Article 50 – or as some hope, Article 1950 or, for the most optimistic, Article 1850 – has finally been invoked. Few would have believed in April 2016 that a mere year later elements of the Tory party would be threatening war with Spain – or that a party whose incompetency on so many levels (not least, economic) would be doing so well in the polls. But then, under Cameron the Tories realised they can talk centre ground – even leftish – but track even further to the right.
Once it became clear that Trump was going to become the president of the USA, my Facebook feed became cluttered with attempts to understand how that could possibly happen. How could a white supremacist, misogynist and utterly transparent snake oil salesman accumulate so many votes? Those on the left both inside and outside the borders of the USA struggled to understand what had happened.
A common conclusion in too many of these pieces is that the left needs to reach out, and listen to the concerns of, those who voted for him as a priority. In a similar fashion to how sections of the left evaluated Brexit, they see a working class anti-establishment rebellion in the Trump vote from what they term the ‘white working class’. They believe that component was won by Trump because it has been neglected by the left - often, they will assert, because the rest of the left was distracted by what they call identity politics.
Our inital reaction once it became clear that Trump was going to carry the electoral college vote. These 11 points were sent out via the WSM Twitter.
1. Reacting to Trump - part of pattern with Brexit - revolt against established neoliberal order led by reactionary super wealthy
2. Need to organise for massive transformation. Massive in numbers, massive in geographical spread, massive in scope.
Bertie's 'testimony' to the banking enquiry could hardly have provided a better example of the way politicians in this country understand they are protected from any consequences of their wrongdoing. Apparently we are to believe that he hardly knew any developers. Even the Mail is outraged, but what will be done about it?
Around lunchtime on April 15th we received word that there was an anti-eviction protest underway on Manor street in Dublin outside a house that had been squatted. A Garda had called at the door that morning and after being refused entrance had said he'd be back later with more Garda. The building had been squatted on and off a couple of times in recent years and was recently re-occupied.
This is an excellent, if occasionally frustrating, book. Written by leading Primatologist Frans de Waal, The Age of Empathy summarises the research into the evolution of cooperation, social feelings and empathy. If I were to sum it up in a few words it would be: “Kropotkin was right.”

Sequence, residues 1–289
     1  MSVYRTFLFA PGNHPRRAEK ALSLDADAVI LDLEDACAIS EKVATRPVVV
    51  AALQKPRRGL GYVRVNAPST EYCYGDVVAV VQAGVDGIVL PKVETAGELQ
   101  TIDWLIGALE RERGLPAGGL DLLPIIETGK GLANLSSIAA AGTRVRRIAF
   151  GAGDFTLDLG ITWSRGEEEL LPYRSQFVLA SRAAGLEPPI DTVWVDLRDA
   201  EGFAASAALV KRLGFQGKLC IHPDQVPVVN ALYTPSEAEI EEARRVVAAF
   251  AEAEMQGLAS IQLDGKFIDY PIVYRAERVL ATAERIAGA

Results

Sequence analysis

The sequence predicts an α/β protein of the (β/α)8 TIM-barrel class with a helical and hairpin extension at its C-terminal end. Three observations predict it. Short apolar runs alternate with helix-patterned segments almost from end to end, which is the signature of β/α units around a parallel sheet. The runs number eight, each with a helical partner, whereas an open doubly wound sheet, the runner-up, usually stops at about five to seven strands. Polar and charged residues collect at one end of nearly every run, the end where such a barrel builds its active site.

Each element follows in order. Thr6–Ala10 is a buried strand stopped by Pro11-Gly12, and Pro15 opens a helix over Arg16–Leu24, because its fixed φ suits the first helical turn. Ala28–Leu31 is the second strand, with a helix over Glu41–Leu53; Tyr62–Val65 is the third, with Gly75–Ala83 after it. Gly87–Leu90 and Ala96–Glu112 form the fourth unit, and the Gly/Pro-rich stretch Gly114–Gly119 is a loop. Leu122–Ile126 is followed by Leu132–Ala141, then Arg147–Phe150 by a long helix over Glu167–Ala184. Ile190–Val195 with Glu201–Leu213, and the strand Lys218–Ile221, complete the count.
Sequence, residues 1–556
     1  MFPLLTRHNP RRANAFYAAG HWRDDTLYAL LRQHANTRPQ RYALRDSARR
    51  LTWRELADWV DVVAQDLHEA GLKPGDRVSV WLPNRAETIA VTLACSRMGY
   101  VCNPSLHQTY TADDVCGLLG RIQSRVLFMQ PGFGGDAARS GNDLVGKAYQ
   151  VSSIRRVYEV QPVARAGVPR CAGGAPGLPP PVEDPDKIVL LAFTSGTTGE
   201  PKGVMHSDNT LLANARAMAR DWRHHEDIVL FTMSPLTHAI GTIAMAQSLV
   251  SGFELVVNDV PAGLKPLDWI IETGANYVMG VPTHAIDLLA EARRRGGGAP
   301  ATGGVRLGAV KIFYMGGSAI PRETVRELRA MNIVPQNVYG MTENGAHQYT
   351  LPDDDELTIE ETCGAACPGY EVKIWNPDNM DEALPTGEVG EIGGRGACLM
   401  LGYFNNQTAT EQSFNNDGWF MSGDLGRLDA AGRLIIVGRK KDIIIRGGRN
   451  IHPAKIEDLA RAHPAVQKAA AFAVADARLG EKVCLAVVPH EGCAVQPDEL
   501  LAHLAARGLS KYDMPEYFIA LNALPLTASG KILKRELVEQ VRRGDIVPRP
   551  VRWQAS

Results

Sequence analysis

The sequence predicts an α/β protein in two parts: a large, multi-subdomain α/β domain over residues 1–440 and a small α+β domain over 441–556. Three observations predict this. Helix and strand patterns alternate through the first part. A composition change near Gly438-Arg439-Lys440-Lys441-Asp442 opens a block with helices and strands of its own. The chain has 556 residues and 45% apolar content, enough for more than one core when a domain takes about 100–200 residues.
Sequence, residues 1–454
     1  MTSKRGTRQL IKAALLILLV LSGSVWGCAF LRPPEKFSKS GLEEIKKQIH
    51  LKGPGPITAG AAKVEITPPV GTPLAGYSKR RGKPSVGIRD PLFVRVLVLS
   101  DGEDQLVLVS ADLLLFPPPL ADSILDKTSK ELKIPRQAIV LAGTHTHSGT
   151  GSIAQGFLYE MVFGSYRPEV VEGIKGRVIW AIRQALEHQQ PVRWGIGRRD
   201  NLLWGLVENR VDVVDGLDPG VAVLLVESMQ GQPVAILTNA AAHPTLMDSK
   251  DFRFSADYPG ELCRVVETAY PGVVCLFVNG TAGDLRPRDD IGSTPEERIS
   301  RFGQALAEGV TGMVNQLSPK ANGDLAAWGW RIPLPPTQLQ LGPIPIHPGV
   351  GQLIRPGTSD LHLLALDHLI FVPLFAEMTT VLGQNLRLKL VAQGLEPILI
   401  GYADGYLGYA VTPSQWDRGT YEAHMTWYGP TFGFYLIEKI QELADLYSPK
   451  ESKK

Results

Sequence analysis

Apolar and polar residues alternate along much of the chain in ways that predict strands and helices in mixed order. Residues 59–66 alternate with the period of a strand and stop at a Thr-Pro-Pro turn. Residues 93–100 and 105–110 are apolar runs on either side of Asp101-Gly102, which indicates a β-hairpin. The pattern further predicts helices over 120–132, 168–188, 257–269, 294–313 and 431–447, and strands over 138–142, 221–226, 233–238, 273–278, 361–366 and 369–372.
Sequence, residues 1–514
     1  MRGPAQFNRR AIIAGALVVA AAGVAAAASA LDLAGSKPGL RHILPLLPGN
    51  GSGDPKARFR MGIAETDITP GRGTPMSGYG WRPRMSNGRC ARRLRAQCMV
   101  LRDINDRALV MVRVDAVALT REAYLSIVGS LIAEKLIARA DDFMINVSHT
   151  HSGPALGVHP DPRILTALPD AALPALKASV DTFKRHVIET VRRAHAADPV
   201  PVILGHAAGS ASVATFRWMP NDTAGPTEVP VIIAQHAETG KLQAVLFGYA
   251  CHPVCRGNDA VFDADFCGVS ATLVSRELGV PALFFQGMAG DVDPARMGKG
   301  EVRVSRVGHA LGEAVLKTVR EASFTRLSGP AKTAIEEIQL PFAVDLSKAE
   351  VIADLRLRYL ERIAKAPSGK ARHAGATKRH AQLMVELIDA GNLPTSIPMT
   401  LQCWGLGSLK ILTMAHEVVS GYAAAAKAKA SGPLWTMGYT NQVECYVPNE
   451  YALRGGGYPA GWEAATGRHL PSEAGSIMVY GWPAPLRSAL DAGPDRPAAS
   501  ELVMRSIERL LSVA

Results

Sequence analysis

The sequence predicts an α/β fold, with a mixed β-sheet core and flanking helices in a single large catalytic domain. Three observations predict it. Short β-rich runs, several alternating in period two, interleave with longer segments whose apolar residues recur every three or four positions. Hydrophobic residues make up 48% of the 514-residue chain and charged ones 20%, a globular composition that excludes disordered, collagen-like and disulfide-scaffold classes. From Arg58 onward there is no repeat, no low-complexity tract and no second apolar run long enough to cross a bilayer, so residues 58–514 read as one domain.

Ireland is to have a referendum after all on the EU austerity treaty and a lot of the left is getting unreasonably excited about this. I say unreasonably because my opinion is that the referendum will not really, as the likes of the ULA claim, be a meaningful ballot on austerity. Austerity is not something simply being imposed on us by Europe through this referendum but something our domestic ruling class are already imposing and have been for a few years. Of course they have used the ECB/IMF as the 'bad cop' to scare us with and when passed will use the EU austerity treaty in the same way. But we need to recognize and organize around the fact that our local politicians and capitalist class are not really a 'good cop' eager to help us avoid the attentions of the 'bad cop' making threatening gestures at us across the room.
The idea that calling for a referendum is a good strategy for winning significant reforms often crops up in campaigns. It seems logical, as a referendum is a chance for the population to directly make a decision on the issue to hand. But the reality is that the demand for a referendum is seldom, if ever, the best way to build a struggle for a reform. Here are five reasons why:
Over twenty thousand students demonstrated in Dublin today against the introduction of student fees and the cutting of student grants. The main demonstration organised by the Union of Students in Ireland (USI)also included a Free Education for Everyone
All (FEE) bloc comprised of rank & file students in disagreement with the passive lobbying tactics of the USI leadership. USI stewards formed a line with Garda to prevent FEE rejoining the demonstration after they led a breakway protest at Fine Gael HQ.
(Pic: From FEE twitterstream
USI stewards form 3 rows
to stop USI members
in FEE joining march)
The ConDem’s are continuing the grand tradition of all governments in proving anarchists right. Our so-called representatives are able to ignore their manifestos, are free to break their solemn pre-election pledges and vote as they like – all in the interests of capital.